William will be performing twice at Wigmore Hall this Autumn, read Wigmore Hall’s season announcement here.
With Kitty Whately on 23rd October.
With Mary Bevan, Nicky Spence and Jack Liebeck on 11th December.
Earth’s Wide Bounds, featuring the Chapel Choir of the Royal Hospital Chelsea, musical director William Vann and organist Joshua Ryan will be released on 4th March 2022.
This album is a choral compendium of works by Ralph Vaughan Williams comprising premiere recordings of both the Communion Service in G minor and the Nocturne: By the Bivouac’s Fitful Flame, plus the Te Deum in G and hymns and anthems including Valiant for Truth. The Communion Service begins with sung responses to the ten commandments, read by Rowan Williams, former Archbishop of Canterbury.
Featuring Mary Bevan (soprano), Nicky Spence (tenor), Roderick Williams (baritone), Jack Liebeck (violin) and me at the piano, plus some glorious moments with a superb, socially distanced chorus, we recorded this back in the height of lockdown, and the result will be a four disc series of the complete Vaughan Williams Folk Songs for voice(s) and piano. If you don’t know this music, and not many people do, you’ll be blown away by the incredible variety and inventive way in which Vaughan Williams set some of the most beautiful melodies in the English language. Pre-order your copies now! I’ve included a link to Presto Classical’s website so you can avoid giving even more money to Jeff Bezos.
I was thrilled to be appointed Musical Director of Dulwich Choral Society in March, though sadly because of the ensuing lockdown, I haven’t yet been able to rehearse with the society in person. However, I’m delighted to have been working every week with them via Zoom, a series of podcasts and, shortly, a remote recording project, and am hoping it won’t be too long before we can all make music together!
It has been sad to type “THIS CONCERT HAS BEEN CANCELLED” above all my forthcoming engagements today, but I hope that once we have fought our way through the COVID-19 epidemic, classical music will recover and we can once again meet and make music together. In the meanwhile, I’m focusing my energy on 1) my children 2) Royal Hospital Chelsea (where I am the paper delivery boy each morning and have been playing the trumpet again for the first time in about 15 years) and 3) several exciting recording projects. I wish you, and your families, all the best over the coming months.
The world premiere recording of Parry’s oratorio Judith is released on Chandos on Friday 28th February – take a look at the Chandos website here and download/pre-order your copy!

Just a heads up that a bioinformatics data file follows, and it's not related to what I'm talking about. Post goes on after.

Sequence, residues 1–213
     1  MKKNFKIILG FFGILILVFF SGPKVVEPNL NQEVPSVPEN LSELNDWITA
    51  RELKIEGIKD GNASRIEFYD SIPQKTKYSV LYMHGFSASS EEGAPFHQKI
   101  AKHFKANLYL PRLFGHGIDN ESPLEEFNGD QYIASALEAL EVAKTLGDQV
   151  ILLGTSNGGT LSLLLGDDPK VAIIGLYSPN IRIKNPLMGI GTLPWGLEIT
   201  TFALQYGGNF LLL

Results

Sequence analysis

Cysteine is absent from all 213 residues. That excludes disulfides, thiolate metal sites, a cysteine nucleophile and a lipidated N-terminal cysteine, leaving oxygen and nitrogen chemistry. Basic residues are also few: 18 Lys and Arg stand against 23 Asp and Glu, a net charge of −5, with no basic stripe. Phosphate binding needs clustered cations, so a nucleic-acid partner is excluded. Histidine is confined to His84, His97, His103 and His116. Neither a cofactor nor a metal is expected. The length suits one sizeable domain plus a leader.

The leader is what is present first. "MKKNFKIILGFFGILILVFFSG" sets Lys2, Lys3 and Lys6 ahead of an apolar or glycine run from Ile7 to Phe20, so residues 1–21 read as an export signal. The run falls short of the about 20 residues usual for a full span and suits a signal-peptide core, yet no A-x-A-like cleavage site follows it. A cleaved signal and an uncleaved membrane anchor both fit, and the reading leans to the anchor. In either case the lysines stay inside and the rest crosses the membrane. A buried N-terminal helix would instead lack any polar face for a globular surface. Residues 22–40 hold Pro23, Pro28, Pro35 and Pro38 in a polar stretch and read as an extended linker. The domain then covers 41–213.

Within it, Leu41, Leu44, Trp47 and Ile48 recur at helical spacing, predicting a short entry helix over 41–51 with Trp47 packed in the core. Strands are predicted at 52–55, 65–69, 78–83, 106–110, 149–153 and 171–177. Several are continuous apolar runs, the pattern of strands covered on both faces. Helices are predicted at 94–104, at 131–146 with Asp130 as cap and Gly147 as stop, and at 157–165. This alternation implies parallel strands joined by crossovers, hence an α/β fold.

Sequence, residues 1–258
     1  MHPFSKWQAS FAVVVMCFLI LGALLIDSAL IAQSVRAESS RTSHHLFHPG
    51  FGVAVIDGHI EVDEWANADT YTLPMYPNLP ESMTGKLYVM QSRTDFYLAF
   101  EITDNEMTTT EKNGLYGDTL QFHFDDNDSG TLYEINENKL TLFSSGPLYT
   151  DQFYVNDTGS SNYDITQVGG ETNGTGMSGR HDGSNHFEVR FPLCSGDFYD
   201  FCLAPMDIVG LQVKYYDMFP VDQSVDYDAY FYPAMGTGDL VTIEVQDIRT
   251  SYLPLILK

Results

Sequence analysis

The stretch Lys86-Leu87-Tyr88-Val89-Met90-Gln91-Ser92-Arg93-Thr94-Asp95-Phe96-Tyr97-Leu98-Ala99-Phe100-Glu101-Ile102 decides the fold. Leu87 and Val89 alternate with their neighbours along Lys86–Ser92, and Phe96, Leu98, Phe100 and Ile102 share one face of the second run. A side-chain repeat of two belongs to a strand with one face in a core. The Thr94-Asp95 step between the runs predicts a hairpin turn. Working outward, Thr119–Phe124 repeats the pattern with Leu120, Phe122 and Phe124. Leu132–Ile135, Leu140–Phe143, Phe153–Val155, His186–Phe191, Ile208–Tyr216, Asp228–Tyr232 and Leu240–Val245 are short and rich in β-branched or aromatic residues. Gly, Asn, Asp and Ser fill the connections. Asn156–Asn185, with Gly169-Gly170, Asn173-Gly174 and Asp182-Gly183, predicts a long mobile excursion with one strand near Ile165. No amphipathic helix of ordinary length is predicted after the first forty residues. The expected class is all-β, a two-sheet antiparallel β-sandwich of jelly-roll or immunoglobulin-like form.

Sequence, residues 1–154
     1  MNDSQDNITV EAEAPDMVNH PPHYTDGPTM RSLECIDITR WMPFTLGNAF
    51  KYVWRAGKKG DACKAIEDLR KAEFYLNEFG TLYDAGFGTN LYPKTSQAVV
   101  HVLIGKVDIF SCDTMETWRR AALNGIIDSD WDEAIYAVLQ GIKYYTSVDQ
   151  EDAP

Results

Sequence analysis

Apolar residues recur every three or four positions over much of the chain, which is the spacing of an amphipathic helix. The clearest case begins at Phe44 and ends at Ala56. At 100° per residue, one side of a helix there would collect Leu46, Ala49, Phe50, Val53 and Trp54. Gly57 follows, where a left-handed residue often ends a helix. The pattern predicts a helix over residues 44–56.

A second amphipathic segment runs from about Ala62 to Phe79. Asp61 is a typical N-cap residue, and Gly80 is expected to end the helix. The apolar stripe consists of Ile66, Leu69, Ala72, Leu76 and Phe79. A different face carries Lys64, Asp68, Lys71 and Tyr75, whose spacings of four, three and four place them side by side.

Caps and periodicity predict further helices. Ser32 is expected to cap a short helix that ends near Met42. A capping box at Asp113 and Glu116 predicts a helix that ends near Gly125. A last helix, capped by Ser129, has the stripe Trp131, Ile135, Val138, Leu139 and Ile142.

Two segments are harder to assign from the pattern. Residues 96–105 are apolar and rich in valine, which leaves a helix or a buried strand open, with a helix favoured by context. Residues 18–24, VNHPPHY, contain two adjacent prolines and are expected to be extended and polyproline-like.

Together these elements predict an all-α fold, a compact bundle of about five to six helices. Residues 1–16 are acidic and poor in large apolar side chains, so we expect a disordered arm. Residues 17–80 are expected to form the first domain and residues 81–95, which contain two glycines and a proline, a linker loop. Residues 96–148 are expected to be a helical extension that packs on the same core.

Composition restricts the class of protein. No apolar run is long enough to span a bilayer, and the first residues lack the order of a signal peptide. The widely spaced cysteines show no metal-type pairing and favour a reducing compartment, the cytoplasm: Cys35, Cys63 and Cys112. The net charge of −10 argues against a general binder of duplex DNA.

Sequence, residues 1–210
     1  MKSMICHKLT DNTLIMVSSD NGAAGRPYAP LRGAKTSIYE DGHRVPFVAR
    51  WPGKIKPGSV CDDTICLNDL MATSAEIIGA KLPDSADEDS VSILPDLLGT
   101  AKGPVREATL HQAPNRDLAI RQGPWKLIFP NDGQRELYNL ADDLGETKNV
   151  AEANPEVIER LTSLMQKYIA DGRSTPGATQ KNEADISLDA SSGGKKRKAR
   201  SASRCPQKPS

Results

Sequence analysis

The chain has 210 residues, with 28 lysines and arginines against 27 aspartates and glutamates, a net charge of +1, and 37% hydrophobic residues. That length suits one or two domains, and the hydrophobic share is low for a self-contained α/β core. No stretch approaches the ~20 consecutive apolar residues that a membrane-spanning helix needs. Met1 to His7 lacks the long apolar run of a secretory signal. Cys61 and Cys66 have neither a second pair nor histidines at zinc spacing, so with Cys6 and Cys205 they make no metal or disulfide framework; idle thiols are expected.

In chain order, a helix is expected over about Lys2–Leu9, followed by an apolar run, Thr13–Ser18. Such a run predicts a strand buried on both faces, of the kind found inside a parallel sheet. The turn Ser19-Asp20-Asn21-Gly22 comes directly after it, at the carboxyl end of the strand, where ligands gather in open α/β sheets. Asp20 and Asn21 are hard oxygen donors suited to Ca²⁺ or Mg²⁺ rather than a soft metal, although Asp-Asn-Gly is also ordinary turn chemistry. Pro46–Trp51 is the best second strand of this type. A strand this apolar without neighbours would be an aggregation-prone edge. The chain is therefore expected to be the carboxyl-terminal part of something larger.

13th September 2019: Albion Records’ latest release The Song of Love is out today! I’m on the piano, accompanying Kitty Whately and Roderick Williams on a disc that was a huge pleasure to record and includes one of my favourite song cycles of all time, Ralph Vaughan Williams’s The House of Life. Kitty is the first ever female artist to record the whole cycle, even though the premiere in 1904 at Bechstein Hall (now Wigmore Hall) was sung by the contralto Edith Clegg. Also on the disc are no fewer than sixteen premiere recordings by Vaughan Williams, including the simple but stunning Quant li Louseignolz, sung by Roderick Williams in Medieval French and the inspiration for the nightingale on the CD sleeve. You can buy it directly from Albion Records, or from Presto Classical here.
I’m hugely excited to be conducting a revival and recording of Parry’s first oratorio Judith at Royal Festival Hall next April.
It is a work that has been largely neglected for the best part of a century and never recorded. This will be a large undertaking and a hugely important event in the modern revival of Parry’s music, and neglected English masterpieces in general. The London English Song Festival, a registered charity in the UK that seeks to increase the knowledge of neglected music, is overseeing the project.
It will be critical to raise funds to support the recording in particular, in order to fill an important missing piece in the musical jigsaw of Parry, a giant of English choral and orchestral writing.
I’m hugely looking forward to recording Alan Charlton’s masterful song cycle The Cloud, setting Percy Bysshe Shelley’s wonderful poem, with April Fredrick at Potton Hall on Monday and Tuesday. It’s been an immensely challenging but hugely rewarding piece to get to grips with, and Potton Hall’s other-worldly location will be the perfect backdrop for a piece of writing that riffs on the very nature of nature itself.